• West Coast Route Modernisation 1
  • West Coast Route Modernisation 4
  • DG190983 STILL
  • DG190763 STILL
  • DG190489 STILL
  • New Image CMYK
West Coast Route Modernisation 1 West Coast Route Modernisation 4 DG190983 STILL DG190763 STILL DG190489 STILL New Image CMYK

West Coast Route Modernisation

The West Coast Main Line (WCML) was originally built as a series of individual lines in the 1800s, which became one of Europe’s busiest mixed traffic rail corridors. It links London with the Midlands, North Wales (with onwards to Ireland), the North West and Scotland.

There are more than 2,500 train movements each day, catering for over 75 million passenger journeys per year. As well as long-distance services to Birmingham, Chester, Liverpool, Manchester and Glasgow, there are commuter services into each of the cities and into London Euston.

During the 1960s, overhead electrification was installed; re-signalling was carried out and new stations were built. The line-speed was 100mph and a new fleet of electric locomotives was deployed.

Although the route line speed had been increased to 110 mph, the infrastructure was in urgent need of major renewal and additional capacity by the 1990s. The West Coast Mainline compared poorly in terms of performance and capacity with newly electrified 125mph East Coast, and the 125mph Great Western routes.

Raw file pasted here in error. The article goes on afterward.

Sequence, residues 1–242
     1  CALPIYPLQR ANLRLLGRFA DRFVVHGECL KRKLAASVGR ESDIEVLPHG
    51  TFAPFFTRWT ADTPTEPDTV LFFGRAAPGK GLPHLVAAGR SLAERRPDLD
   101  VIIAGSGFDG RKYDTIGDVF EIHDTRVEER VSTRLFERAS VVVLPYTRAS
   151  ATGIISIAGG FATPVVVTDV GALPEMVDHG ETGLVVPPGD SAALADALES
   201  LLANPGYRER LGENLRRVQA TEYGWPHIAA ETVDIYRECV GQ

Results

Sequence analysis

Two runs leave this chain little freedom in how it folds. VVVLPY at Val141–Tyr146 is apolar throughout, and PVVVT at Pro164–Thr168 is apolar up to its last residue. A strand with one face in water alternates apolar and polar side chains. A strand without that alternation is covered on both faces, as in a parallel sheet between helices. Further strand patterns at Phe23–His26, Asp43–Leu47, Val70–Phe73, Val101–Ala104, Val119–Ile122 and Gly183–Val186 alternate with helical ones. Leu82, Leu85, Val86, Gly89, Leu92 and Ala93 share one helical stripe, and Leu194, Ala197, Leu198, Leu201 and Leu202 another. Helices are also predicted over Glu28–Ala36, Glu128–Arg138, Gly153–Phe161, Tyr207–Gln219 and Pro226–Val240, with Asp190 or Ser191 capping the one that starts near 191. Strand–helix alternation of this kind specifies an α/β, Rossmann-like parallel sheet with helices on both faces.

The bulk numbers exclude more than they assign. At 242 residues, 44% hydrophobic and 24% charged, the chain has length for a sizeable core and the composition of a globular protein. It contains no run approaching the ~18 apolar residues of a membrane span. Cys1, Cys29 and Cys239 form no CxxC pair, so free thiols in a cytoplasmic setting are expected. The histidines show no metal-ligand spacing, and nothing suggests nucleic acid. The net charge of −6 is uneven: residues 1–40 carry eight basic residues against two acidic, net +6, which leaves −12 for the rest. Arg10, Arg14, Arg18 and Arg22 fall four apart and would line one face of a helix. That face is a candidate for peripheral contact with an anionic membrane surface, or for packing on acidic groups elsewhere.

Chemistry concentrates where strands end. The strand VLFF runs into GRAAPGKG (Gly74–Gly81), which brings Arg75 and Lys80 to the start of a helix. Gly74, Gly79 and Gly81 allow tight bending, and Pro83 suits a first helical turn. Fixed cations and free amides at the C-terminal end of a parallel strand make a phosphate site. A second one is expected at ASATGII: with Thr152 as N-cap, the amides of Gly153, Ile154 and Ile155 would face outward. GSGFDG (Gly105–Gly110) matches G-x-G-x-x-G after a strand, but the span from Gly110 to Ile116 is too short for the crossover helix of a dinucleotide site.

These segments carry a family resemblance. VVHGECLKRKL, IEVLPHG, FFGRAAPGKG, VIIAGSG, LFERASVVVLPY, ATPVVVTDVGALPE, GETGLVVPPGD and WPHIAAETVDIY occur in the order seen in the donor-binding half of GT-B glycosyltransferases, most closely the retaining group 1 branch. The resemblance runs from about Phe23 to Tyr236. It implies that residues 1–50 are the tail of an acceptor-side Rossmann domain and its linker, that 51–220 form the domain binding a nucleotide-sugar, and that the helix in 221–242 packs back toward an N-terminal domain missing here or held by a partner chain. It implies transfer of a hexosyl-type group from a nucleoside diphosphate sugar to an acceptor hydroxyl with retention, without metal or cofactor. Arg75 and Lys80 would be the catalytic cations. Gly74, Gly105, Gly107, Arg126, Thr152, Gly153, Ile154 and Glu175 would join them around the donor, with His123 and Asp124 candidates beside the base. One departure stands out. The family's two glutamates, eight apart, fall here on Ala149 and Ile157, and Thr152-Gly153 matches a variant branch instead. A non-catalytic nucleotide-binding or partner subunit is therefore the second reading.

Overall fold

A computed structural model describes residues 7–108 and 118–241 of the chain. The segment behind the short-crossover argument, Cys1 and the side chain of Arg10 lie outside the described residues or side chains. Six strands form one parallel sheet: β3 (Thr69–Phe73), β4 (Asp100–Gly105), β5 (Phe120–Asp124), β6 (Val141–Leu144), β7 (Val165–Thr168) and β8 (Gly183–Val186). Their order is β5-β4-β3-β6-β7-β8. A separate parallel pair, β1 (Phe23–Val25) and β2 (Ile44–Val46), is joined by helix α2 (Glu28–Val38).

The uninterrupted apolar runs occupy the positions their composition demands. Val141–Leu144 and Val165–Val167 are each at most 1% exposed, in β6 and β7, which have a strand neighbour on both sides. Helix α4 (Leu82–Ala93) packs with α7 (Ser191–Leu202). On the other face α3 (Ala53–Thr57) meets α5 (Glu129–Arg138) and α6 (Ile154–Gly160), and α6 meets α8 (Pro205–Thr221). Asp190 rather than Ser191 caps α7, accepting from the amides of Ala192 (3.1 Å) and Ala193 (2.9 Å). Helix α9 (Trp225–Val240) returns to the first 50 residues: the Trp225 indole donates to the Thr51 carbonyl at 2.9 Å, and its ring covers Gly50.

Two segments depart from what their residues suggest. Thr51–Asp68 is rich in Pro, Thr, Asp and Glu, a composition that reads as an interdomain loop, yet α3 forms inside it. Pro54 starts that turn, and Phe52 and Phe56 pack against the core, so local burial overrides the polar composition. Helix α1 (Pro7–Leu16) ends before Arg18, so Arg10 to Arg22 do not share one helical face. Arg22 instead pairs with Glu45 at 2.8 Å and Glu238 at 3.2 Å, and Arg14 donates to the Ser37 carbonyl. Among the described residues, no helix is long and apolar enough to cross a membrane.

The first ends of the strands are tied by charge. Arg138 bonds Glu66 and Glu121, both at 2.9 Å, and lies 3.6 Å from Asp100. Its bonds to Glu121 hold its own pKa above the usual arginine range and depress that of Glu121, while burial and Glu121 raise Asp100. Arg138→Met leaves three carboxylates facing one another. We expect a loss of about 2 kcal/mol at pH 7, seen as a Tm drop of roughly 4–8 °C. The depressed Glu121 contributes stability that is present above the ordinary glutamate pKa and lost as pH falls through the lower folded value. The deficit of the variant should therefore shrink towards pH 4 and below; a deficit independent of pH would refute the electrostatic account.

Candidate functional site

West Coast Route Modernisation

The West Coast Route Modernisation project upgraded:

  • 430 miles of track
  • 2149 signals
  • 13 major junctions
  • 837 switches and crossings
  • 56 platforms
  • 179 bridges
  • 77 level crossings
  • 64 Solid State Interlockings.

In addition, the following key projects were delivered:

  • re-modelling Proof House Junction in Birmingham
  • renewing & re-modelling signalling, track, overhead line electrification (OLE) and power systems in Rugby
  • increase from 2 to 4 tracks in the Trent valley.

West Coast Route Modernisation

Long-distance journey times have been reduced by 20%, including:

  • London – Manchester from 2 hours 41 minutes to 2 hours 4 minutes
  • London – Liverpool from 2 hours 53 minutes to 2 hours 5 minutes
  • London – Birmingham from 1 hour 43 minutes to 1 hour 23 minutes
  • London – Glasgow from 5 hours 35 minutes to 4 hours 10 minutes.

Capacity:

There are now 295 long distance passenger trains each week (an increase of 80), increased commuter services and capacity for up to 60% more freight paths.

  • London – Birmingham: from 2 service per hours to 3
  • London – Manchester from 1 service per hour to 3.

Increased total daily arrival and departures between London and:

  • Preston/Scotland from 33 to 41 (124% increase)
  • Birmingham/Wolverhampton 66 to 99 (150% increase)
  • Manchester 34 to 93 (274% increase)
  • Liverpool 29 to 35 (121% increase)
  • North Wales/Holyhead 6 to 27 (450% increase)
  • Non-Inter City: 165 to 216 (131% increase).

Safety has been improved by:

  • removing level crossings
  • installing TPWS system
  • providing for overspeed controls for Pendolino and Voyager train through TASS
  • preventing trains exceeding set limits by supervising train speed automatically.

Client: UK Department for Transport (DfT)

Location: London-Birmingham-Manchester-Glasgow-Edinburgh, UK

Start date: 1998

End date: 2009

Duration: 130 months

Contract value: £8.764 bn

Services provided: Whole railway upgrade, railway performance & whole life cost analysis, systems integration, programme management, business cases including cost benefit analysis